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Women journalists bear brunt of sexual harassment online

The misogynistic abuse is not only meant to severely and disproportionately harm women in media, but it is also weaponised. [iStockphoto]

Over 70 per cent of women journalists worldwide have faced online harassment, a report shows.

Another 20 per cent have been attacked offline, undermining their work-life, physical safety and jeopardising their health and professional prospects.

These are statistics according to a recent report released by United Nations Educational Scientific and Cultural Organisation (UNESCO).

Victor Bwire, Director of Strategy and Training at the Media Council of Kenya said that the council had received 45 cases of attacks on journalists between January and May this year. 

“The safety and protection of journalists is a critical issue that needs to be addressed as a matter of urgency, locally and internationally,” he said. 

Bwire was speaking at a training of journalists from 10 counties under the theme, Enhancing the capacity of community media houses to promote the safety of journalists in the workspace. About 60 journalists attended the training.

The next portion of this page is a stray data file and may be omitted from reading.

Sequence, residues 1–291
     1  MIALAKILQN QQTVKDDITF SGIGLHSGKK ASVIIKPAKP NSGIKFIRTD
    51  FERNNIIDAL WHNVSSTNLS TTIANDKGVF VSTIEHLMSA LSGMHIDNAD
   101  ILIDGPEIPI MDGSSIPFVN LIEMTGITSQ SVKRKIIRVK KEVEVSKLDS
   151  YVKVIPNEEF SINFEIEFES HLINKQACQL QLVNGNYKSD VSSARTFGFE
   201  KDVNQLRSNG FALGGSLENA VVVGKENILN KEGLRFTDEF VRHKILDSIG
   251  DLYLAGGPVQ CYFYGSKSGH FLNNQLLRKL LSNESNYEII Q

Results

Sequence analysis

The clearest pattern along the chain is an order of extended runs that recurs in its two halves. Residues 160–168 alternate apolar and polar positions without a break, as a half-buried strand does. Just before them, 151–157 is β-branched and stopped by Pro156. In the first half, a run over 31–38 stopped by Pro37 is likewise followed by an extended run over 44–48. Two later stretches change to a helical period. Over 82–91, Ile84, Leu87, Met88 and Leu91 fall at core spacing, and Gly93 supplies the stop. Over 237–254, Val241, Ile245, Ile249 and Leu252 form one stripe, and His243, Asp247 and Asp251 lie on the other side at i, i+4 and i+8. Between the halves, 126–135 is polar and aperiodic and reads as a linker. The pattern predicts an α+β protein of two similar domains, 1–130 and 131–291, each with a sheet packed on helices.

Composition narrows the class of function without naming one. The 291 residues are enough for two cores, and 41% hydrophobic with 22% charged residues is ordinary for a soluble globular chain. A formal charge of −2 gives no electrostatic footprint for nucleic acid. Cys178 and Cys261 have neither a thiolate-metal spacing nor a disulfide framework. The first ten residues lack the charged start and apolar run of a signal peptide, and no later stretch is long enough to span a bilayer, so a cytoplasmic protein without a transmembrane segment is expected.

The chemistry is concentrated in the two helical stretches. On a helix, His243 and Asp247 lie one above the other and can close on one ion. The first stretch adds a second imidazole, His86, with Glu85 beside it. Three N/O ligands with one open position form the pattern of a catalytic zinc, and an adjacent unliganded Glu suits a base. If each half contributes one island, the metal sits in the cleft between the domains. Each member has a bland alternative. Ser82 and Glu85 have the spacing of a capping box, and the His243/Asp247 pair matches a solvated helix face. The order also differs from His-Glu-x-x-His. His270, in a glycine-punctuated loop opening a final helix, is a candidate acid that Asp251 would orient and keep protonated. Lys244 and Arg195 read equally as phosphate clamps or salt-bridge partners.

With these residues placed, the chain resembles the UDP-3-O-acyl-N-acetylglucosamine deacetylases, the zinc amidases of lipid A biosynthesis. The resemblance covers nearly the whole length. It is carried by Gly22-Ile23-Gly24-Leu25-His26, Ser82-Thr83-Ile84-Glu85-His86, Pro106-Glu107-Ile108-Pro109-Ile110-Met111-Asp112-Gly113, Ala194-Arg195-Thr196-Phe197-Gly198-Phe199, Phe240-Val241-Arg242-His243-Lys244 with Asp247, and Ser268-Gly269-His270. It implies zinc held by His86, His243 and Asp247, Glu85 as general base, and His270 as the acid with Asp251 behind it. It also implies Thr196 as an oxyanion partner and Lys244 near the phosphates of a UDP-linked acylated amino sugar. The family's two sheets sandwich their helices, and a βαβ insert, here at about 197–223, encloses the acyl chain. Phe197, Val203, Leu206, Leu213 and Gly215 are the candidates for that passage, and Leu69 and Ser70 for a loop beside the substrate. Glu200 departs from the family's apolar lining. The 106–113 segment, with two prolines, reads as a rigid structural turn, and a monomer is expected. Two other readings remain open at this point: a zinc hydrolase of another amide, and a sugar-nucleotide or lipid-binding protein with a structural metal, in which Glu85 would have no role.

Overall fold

The project was supported by UNESCO's Information Programme for Development of Communication (IPDC). 

The report found that the misogynistic abuse is not only meant to severely and disproportionately harm women in media, but it is also weaponised "to undercut public trust in critical journalism and facts in general.”

“Cyber violence against women journalists is designed to belittle, humiliate, and shame; induce fear, silence, and retreat; discredit them professionally, undermining accountability, journalism, and trust in facts,” the report indicated, adding that it is also designed to freeze women out of public debate. “This amounts to an attack on democratic deliberation and media freedom, and it cannot afford to be normalised or tolerated as an inevitable aspect of online discourse.”

A huge percentage of female journalists recorded a negative professional impact from the attacks, with two per cent of the affected abandoning their journalism.